Kenishirotie - stock.adobe.com
Retailers are being urged to get a grip and upgrade their Adobe Magento deployments after a spate of attacks over the weekend of 12 and 13 September 2020 saw almost 2,000 online stores compromised by cyber criminals exploiting a defunct version of the popular e-commerce platform to install Magecart credit card skimmers on their websites.
Adobe Magento is designed to let retailers quickly and easily build online stores, but version one of the platform has reached end of life, and Adobe ended support for it in June 2020. Despite this, as many as 95,000 retailers have failed to upgrade to version two, which has been available for five years at this point.
According to Sanguine Security (Sansec) founder Willem de Groot, who spent his weekend tracking the wave of cyber attacks, this was an automated attack, and the largest one he has seen since he began monitoring online retailers in 2015.
De Groot said the scope of the incident illustrated the increased sophistication and profitability of web skimming, and estimated that tens of thousands of innocent consumers will have had their credit card data stolen over the weekend.
He said the attacks likely exploited a remote code execution zero-day vulnerability which was advertised for sale on a Russian-speaking forum last month for $5,000.
Sansec did not name any of the retailers affected, although the list is being made available to law enforcement agencies.
Paul Bischoff, privacy advocate at Comparitech, said it was now relatively easy for cyber criminals to scan for Magento 1 users, access their systems, and upload shell scripts to install Magecart.
“Card skimming attacks are undetectable by end-users, so the responsibility falls on website operators to update their systems to the latest version of Magento. At this point, any website using Magento 1.x should be assumed compromised,” he said.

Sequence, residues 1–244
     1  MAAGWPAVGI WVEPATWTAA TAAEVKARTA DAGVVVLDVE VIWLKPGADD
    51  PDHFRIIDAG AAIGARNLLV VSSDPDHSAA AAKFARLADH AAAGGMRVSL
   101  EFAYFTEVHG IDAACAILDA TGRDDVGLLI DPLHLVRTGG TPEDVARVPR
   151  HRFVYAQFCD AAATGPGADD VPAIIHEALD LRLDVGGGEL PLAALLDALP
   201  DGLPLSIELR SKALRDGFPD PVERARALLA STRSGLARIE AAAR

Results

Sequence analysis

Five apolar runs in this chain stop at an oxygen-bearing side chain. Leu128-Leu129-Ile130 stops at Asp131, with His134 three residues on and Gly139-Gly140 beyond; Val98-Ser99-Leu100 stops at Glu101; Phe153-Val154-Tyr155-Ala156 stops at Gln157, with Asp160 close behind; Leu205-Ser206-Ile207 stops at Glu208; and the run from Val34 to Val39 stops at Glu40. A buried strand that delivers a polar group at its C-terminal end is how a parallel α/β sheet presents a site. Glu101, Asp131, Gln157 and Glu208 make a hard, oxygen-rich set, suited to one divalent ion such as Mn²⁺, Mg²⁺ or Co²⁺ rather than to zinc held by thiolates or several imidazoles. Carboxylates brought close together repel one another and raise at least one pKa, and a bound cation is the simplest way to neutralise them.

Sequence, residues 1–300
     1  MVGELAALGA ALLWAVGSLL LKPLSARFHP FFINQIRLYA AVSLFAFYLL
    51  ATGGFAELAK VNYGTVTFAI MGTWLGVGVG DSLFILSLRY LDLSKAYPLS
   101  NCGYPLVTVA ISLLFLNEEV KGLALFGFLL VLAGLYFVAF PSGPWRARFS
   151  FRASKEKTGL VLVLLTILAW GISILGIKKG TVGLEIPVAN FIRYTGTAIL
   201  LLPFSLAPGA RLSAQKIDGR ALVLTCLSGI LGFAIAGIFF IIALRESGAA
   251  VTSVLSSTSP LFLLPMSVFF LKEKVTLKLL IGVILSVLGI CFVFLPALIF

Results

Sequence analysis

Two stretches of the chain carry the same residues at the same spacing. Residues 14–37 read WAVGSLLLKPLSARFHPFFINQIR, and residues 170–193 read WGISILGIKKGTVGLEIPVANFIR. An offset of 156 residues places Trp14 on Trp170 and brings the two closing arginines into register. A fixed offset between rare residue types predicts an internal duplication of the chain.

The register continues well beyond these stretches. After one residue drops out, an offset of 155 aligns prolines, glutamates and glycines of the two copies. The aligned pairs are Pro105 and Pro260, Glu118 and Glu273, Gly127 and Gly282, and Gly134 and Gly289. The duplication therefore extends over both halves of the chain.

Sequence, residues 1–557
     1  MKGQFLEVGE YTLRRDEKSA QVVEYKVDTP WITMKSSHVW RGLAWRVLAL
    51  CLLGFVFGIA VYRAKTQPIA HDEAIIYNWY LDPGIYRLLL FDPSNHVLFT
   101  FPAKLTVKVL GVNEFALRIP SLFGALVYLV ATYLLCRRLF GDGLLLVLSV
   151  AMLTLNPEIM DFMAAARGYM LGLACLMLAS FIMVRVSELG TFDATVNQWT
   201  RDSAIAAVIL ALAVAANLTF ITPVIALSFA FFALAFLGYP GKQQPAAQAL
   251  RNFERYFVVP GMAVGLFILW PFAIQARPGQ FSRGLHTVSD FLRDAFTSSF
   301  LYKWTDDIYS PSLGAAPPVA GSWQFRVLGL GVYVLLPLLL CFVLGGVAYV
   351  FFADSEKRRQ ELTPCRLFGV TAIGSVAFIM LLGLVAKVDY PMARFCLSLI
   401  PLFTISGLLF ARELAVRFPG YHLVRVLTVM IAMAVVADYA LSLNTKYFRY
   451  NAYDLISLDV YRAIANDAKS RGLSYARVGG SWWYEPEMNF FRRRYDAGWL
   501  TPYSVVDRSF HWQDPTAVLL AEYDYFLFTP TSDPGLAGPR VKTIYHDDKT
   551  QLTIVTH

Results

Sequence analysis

Chris Hauk, consumer privacy champion at Pixel Privacy, added: “These site skimming attacks will continue to grow in frequency as long as the bad actors of the world can continue to profit from them.
“This underscores the need for online merchants to ensure their online stores are running under the latest version of available software, which is likely hardened more against this type of attacks than outdated, obsolete software.”
James Allen-Lewis, development director at Sonassi, which runs cloud hosting services for Magento users, described the attacks as entirely unsurprising and said online retailers needed to up their game and get to grips with their security postures.
“As far back as last year, warnings had been issued about the likelihood of attacks on Magento 1 stores, and as the deadline to end of life grew closer, these warnings have gotten louder,” he said.
“As we head into the winter months and with the threat of a second wave [of Covid-19] and localised lockdowns persisting, online retailers are likely to see demand remain heavy for their services. While this is undoubtably a welcome headache for many, it should not mean merchants hold off on securing their website, particularly when incidents like this lay bare the realities of inaction.”
In addition to updating Magento as a priority, Allen-Lewis called for retailers to adopt other measures such as implementing more frequent password updates and multi-factor authentication, and locking down the administrator interface by IP address, which could make it much harder for cyber criminals to access critical parts of the organisation.
“Many attacks involve files being added or changed on a website. It is vital you monitor your log for any suspicious file activity. Furthermore, run regular audits on admin accounts and keep admin access to a minimum. You should always know who has access to your website,” he said.
“Finally, ensure you scan your website regularly for indicators of compromise. This will give you a much stronger insight into the security posture of your business.”
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